PopMatters is moving to WordPress. We will publish a few essays daily while we develop the new site. We hope the beta will be up sometime late next week.

Why Hypocrisy Matters

Terry Sawyer

Where Goldberg and Coulter see failed idealists, I can't help but see people wielding beliefs like bludgeons that they'll gladly drop once the bloodwork is done.

Republicans have become increasingly savvy about hypocrisy. Surely, it's a matter of evolutionary course that they would need to develop this skill in order to insure their survival. After all, as the putative God party, they are the ones who rail against the decline of their shoebox morality, where everything is in its place and the creator of the Universe is a very old man who votes for their candidates, believes that taxes are too high, and helps Confederate flag fans pick their lottery numbers.

It's a curiously sniping form of moralizing, the kind where single mothers are filthy whores but philanderer Newt Gingrich, can be blithely forgiven for his "lapse". Anne Coulter puts the conservative position on hypocrisy rather succinctly in her own inimitably demented way: "Hypocrisy is the only sin that really inflames them (liberals). Inasmuch as liberals have no morals, they can sit back and criticize other people for failing to meet standards that liberals simply renounce." (Coulter, Townhall.com 16 October 2003)

In this transparently hagiographic recasting, conservatives are only hypocrites because they are the only good people in the universe who must cast about in a sea of savages. The truth of the matter is, in fact, the reverse. It's conservatives who tailor morality to fit the needs of the moment, acting as moral relativists who depend on the public's thimble worth of historical recall. Liberals have never renounced morality, but only claimed that matters of good and evil require nuance, engagement, compassion, and complexity.

Conservative reactions to Rush Limbaugh's drug abuse have been fairly typical of their never ending and empty double standard. The way Coulter and Jonah Goldberg, writer for the National Review, frame the issue, Rush Limbaugh's recent admissions are just more evidence of the sterling quality of conservative character because he admitted his addiction and refused to blame anyone, though he did hint that the media was out to smear him. Limbaugh's confession and maudlin slugger joe proclamations of "I am not a victim" came only after his housekeeper sold him out to a tabloid and he found himself flailing in a Florida drug dragnet. His red-handed revelation seems less about any genuine reflection on his longstanding pill jones than it does an attempt to save his AM empire with a quick rinse of his dirties.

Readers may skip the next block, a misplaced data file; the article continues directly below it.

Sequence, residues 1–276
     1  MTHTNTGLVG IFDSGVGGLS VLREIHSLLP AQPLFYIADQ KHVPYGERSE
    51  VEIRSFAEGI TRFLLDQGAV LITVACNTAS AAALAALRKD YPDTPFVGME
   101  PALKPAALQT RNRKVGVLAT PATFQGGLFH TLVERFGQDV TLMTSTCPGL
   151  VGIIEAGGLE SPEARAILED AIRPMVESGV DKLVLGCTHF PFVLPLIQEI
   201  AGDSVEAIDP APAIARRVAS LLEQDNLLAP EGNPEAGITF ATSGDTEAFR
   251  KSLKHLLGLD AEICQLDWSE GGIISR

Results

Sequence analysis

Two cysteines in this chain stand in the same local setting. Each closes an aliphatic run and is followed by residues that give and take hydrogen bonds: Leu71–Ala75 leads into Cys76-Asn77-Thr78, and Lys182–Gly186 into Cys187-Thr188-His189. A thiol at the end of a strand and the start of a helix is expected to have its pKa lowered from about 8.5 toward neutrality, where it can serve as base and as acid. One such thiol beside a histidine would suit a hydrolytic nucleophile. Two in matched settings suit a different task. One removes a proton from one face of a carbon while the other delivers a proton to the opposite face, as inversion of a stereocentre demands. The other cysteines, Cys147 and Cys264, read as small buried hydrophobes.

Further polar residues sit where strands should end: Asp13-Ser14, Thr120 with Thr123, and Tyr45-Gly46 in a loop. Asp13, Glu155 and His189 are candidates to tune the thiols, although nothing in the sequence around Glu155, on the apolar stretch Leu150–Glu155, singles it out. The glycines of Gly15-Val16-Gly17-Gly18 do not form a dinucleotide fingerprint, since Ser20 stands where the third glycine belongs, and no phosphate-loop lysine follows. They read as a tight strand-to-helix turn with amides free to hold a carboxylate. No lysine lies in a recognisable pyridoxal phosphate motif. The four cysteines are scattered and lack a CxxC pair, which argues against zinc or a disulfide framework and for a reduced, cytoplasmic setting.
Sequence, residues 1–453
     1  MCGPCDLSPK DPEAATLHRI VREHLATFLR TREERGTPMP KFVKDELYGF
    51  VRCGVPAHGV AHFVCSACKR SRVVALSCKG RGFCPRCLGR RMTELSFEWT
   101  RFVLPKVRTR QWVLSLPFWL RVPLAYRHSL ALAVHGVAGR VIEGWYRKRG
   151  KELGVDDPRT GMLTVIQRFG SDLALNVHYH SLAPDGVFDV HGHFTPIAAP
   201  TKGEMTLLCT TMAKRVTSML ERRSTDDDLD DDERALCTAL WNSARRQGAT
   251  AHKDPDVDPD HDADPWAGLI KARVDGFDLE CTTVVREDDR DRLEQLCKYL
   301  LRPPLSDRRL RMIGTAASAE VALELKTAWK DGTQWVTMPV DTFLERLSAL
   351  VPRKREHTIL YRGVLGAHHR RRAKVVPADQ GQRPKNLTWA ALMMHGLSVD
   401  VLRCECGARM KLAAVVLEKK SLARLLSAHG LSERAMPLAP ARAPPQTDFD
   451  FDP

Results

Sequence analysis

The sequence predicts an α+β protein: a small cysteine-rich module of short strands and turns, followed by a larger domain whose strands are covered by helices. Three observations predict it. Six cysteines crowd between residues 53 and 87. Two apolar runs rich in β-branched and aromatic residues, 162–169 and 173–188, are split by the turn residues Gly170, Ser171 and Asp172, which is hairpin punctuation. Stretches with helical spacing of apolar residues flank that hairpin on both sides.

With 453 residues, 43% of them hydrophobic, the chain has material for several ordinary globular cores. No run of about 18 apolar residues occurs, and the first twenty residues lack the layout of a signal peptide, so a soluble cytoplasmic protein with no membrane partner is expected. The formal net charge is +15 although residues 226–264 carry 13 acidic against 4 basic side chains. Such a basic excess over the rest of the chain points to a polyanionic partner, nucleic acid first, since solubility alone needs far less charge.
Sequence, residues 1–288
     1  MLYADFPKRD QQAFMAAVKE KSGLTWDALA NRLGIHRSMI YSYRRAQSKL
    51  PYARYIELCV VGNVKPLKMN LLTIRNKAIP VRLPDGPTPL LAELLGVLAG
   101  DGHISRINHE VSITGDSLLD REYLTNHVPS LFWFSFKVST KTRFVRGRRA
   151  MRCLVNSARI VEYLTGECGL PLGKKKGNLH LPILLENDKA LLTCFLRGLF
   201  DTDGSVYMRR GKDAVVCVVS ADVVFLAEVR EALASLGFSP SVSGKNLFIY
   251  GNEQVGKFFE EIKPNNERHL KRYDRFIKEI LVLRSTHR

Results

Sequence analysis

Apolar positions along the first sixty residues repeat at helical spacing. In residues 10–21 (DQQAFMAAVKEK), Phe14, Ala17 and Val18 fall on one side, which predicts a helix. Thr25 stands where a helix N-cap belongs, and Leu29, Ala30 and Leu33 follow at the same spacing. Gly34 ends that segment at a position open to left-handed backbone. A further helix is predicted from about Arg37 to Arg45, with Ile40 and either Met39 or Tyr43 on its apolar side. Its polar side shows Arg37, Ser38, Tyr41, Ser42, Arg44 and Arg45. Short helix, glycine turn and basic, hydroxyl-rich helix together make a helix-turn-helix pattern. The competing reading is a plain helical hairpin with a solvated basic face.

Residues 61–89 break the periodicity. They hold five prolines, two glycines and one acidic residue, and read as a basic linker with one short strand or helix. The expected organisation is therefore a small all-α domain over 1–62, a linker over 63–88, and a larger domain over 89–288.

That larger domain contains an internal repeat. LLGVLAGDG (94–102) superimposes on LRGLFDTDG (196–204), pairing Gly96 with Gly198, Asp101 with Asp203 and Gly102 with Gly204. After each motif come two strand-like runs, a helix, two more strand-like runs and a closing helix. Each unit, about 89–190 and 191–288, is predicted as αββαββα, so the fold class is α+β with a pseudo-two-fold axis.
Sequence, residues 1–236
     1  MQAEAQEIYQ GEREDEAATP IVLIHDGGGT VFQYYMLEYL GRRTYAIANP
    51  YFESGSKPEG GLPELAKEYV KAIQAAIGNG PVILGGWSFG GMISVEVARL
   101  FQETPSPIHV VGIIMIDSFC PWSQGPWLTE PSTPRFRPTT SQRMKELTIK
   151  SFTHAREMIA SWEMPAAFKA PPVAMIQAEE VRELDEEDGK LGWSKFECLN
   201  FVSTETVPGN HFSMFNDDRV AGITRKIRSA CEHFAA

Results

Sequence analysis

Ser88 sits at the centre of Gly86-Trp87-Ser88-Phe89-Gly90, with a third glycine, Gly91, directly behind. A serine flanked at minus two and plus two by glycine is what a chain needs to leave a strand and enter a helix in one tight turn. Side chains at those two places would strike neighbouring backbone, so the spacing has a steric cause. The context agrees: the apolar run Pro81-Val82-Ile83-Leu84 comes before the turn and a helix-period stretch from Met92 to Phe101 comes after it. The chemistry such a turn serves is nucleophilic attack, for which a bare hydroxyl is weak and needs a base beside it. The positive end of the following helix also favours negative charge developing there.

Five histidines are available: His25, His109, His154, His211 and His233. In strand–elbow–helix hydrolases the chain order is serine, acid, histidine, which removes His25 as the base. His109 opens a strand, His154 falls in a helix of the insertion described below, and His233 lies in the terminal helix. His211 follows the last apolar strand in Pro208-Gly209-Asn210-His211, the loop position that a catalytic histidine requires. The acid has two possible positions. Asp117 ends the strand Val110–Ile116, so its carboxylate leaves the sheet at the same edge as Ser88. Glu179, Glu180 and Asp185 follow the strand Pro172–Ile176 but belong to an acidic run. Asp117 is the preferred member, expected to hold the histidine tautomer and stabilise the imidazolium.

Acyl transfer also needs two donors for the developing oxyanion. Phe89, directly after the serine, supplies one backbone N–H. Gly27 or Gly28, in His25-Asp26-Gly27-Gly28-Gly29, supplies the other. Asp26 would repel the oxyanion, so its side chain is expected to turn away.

Conservatives rightly questioned the penitence of Bill Clinton when his admissions were circumstantial necessities made under duress as a kind of post-crisis ass covering. How is Limbaugh's speech, given prior to a stage-managed admission into rehab, any more genuine?

Goldberg spills much ink soft-lighting Limbaugh's mistakes noting that: "I think getting addicted to pain medication after being prescribed it is different from going out and scoring heroin." (Goldberg, Townhall.com, 15 October 2003). If addiction is a vice, it's hard to imagine how lazily acquiring it makes one more virtuous. At lease scoring heroin requires developing people skills for individuals outside of one's normal social circle. It's funny how stridently Goldberg applauds Rush for declaring himself "not a victim" while simultaneously eroding his responsibility in subtle asides. After all, at least he's not slumming for his addiction. Sure, to garner the number of pills he's reported to have taken he would have most certainly have had to acquire them illegally, but getting illegal pharmaceuticals seems less dirty than those "street" drugs. It has a certain, shall we say, "whiteness" to it.